How did you develop the world of A Tale of Four Planets?
What fun, imagining life on other planets! Lots of daydreaming informed by lots of research went into this process. I started with the assumption that planets we find in the so-called “Goldilocks zone” around their respective suns are not necessarily going to be the exact same size as Earth. Which means their gravitational pull is going to be different. What impact does that have on the planet’s weather? Geology? Its life forms’ evolution? There was also the matter of how communication would proceed between Earthlings and extraterrestrials. For this, I brought to bear my experience of thirty years teaching English as a second language.
Then there are the spaceships. Encouraging the reader to think more deeply about their assumptions about how the world works regarding issues of war and peace would be enhanced, I thought, by reimagining spaceship propulsion. I set aside everything I knew about, for example, warp drive in Star Trek, and went back to square one, reading various theories of how we might be able to cruise the galaxy. Of most fascination was the work of a Portuguese physicist named João Magueiyo, summarized in his book, Faster Than The Speed Of Light. His research concerns the possibility the speed of light is not a constant.
Once I developed a scheme for cheating the speed of light, I allowed my perhaps warped sense of physics (talk about warp drive) to dictate the design of a starship, rather than just trying to describe something that looks cool. I hope readers enjoy the result, in addition to the many twists and turns of the storyline!
Could you tell us more about the spaceships and the "warped sense of physics" in your work?
The late Carl Sagan envisioned a solar sail, pushed along by light rather than wind. The starship Smoke and Mirrors adds an electromagnetic field to the mix, and maze-like arrays of mirrors that look like blooming flowers. The end result is supposed to be an acceleration of light rays, inspired by the research of the Portuguese physicist, João Magueijo, who thinks the speed of light might not always be a constant.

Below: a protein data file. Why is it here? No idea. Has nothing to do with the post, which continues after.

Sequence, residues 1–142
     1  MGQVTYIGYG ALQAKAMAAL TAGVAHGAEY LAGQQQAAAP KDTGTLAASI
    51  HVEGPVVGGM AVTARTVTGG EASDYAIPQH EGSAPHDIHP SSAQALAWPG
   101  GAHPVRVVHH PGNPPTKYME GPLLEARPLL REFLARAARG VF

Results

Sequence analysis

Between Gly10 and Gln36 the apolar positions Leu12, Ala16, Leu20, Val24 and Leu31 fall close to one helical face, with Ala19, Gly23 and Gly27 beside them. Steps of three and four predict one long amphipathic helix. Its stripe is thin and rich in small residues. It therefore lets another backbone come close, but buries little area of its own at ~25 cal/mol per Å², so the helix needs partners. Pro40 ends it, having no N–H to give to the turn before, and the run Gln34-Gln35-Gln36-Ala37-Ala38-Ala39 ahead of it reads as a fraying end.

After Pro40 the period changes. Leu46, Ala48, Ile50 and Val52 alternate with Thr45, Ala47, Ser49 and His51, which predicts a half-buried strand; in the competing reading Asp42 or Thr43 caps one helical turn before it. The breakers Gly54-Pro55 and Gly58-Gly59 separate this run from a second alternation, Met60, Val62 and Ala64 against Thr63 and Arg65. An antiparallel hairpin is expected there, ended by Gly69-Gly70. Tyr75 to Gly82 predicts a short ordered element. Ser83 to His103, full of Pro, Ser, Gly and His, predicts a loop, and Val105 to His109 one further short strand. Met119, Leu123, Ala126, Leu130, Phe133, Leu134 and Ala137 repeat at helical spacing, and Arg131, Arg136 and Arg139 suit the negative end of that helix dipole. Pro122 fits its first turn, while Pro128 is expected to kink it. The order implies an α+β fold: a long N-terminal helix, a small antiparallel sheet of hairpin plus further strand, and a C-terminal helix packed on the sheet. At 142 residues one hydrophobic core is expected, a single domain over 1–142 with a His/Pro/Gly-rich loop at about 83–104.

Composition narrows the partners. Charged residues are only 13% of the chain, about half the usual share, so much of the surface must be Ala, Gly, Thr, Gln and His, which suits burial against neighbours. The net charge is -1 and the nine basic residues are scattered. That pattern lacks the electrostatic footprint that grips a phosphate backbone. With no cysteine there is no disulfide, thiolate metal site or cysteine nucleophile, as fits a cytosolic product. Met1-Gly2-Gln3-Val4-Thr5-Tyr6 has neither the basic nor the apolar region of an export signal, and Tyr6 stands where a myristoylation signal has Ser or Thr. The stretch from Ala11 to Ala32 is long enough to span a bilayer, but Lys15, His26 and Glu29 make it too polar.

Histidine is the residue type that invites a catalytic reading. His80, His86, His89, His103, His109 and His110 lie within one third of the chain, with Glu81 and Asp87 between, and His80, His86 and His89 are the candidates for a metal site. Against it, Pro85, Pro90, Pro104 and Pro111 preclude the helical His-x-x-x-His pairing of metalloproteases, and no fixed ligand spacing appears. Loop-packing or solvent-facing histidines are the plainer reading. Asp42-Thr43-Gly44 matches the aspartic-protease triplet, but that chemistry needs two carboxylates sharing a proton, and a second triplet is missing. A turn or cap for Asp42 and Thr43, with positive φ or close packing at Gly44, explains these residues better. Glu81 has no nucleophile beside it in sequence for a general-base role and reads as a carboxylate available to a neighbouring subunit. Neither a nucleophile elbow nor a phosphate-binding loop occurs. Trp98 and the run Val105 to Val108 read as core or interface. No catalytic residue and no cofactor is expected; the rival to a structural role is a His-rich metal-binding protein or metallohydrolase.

I imagine the inventor of this form of spacecraft propulsion unable to understand exactly why it works; accelerated light is regarded as only one possibility. In fact, another physicist is brought aboard the Smoke and Mirrors in book two, to try to figure it out. There is precedent in human history for inventions outrunning their inventors’ ability to fully understand how and why they work. It is unknown whether the inventors of batteries unearthed from Egyptian ruins actually understood completely why they generated electricity, or what electricity is, for that matter.
Did you make any major revisions in your work? Was there a time where you had to rewrite a chapter or a major scene?
There are major scenes scattered throughout the trilogy where, rather than crossing out and redoing a line here and there, I had to rewrite entire pages from scratch. The first, face-to-face contact between Earthlings and extraterrestrials in book one is one example. There are some passages, such as the prologue for book one, that went through ten or more rewrites.
The biggest rewrite of all came early on in the process. My original conception, the original outline, envisioned a single, albeit long-ish novel. About a hundred pages into the first draft, however, the enormity of this undertaking fully took hold. I realized characters and events were getting crammed too close together, without enough room for their proper development and elaboration. It was back to the drawing board with the outline, something more expansive.